Characterization of Nestin-positive stem Leydig cells as a potential source for the treatment of testicular Leydig cell dysfunction

Mei Hua Jiang, Bing Cai, Ying Tuo, Jiancheng Wang, Zhi Jun Zang, Xiang'an Tu, Yong Gao, Zhijian Su, Weiqiang Li, Guilan Li, Min Zhang, Jianwei Jiao, Zi Wan, Chunhua Deng, Bruce T Lahn, Andy Peng Xiang
Cell Research 2014, 24 (12): 1466-85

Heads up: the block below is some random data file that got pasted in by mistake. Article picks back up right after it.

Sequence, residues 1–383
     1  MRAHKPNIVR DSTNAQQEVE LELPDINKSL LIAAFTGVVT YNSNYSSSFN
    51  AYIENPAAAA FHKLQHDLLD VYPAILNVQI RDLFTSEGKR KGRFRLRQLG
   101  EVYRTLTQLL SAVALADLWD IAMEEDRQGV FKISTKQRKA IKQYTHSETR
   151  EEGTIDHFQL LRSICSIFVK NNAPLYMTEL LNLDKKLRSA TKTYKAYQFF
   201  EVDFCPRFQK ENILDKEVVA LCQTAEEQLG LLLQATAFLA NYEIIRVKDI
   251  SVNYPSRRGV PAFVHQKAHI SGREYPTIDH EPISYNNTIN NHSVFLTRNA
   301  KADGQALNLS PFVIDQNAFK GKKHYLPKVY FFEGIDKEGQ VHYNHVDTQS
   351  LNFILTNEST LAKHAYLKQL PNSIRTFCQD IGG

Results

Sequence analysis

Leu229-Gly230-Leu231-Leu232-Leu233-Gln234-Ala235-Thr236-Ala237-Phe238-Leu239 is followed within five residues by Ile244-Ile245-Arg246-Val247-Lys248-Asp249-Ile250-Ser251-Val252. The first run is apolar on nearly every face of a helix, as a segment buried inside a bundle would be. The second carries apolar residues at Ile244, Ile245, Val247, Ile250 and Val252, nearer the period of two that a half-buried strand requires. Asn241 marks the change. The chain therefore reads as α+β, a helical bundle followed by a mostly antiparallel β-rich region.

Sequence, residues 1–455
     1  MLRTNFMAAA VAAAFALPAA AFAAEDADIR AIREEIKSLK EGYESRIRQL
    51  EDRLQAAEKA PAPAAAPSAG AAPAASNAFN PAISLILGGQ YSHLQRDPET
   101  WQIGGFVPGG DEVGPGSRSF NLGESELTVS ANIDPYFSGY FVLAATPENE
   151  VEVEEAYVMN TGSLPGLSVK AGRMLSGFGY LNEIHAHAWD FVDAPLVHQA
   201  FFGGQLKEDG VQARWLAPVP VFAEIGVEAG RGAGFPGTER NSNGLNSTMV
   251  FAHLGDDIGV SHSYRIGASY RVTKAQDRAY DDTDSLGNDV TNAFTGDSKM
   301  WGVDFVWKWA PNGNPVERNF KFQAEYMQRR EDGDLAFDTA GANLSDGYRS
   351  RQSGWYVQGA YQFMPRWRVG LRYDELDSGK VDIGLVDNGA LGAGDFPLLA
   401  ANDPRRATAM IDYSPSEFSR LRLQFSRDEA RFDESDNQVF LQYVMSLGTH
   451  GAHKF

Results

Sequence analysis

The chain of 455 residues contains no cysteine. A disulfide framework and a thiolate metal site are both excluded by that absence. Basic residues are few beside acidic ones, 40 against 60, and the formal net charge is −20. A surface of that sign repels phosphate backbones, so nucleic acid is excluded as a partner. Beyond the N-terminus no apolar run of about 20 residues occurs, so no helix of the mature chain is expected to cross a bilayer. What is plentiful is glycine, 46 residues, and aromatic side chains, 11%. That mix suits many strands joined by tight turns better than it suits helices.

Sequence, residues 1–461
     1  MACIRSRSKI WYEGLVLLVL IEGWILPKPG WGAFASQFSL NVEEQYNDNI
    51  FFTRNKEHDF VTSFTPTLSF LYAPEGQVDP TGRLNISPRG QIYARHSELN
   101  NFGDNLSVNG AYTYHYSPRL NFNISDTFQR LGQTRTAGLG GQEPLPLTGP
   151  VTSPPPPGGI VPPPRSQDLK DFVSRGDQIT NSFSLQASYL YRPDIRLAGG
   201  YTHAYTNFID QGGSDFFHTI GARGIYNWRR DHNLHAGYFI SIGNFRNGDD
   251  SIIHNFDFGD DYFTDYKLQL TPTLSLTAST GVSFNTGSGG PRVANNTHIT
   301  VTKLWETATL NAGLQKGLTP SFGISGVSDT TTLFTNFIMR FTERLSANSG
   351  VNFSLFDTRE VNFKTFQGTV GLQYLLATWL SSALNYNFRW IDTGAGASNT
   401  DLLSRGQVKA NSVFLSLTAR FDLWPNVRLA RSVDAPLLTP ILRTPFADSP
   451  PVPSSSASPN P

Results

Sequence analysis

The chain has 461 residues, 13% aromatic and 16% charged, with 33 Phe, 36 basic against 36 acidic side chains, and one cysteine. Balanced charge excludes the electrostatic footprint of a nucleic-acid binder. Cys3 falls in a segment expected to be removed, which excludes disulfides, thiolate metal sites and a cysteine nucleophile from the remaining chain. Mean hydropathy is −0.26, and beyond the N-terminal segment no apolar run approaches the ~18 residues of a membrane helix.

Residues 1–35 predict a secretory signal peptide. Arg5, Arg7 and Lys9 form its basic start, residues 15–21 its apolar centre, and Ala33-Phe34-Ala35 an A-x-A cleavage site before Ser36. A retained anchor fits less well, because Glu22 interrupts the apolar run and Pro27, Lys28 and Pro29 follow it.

The ability to identify and isolate lineage-specific stem cells from adult tissues could facilitate cell replacement therapy. Leydig cells (LCs) are the primary source of androgen in the mammalian testis, and the prospective identification of stem Leydig cells (SLCs) may offer new opportunities for treating testosterone deficiency. Here, in a transgenic mouse model expressing GFP driven by the Nestin (Nes) promoter, we observed Nes-GFP+ cells located in the testicular interstitial compartment where SLCs normally reside. We showed that these Nes-GFP+ cells expressed LIFR and PDGFR-α, but not LC lineage markers. We further observed that these cells were capable of clonogenic self-renewal and extensive proliferation in vitro and could differentiate into neural or mesenchymal cell lineages, as well as LCs, with the ability to produce testosterone, under defined conditions. Moreover, when transplanted into the testes of LC-disrupted or aging models, the Nes-GFP+ cells colonized the interstitium and partially increased testosterone production, and then accelerated meiotic and post-meiotic germ cell recovery. In addition, we further demonstrated that CD51 might be a putative cell surface marker for SLCs, similar with Nestin. Taken together, these results suggest that Nes-GFP+ cells from the testis have the characteristics of SLCs, and our study would shed new light on developing stem cell replacement therapy for testosterone deficiency.

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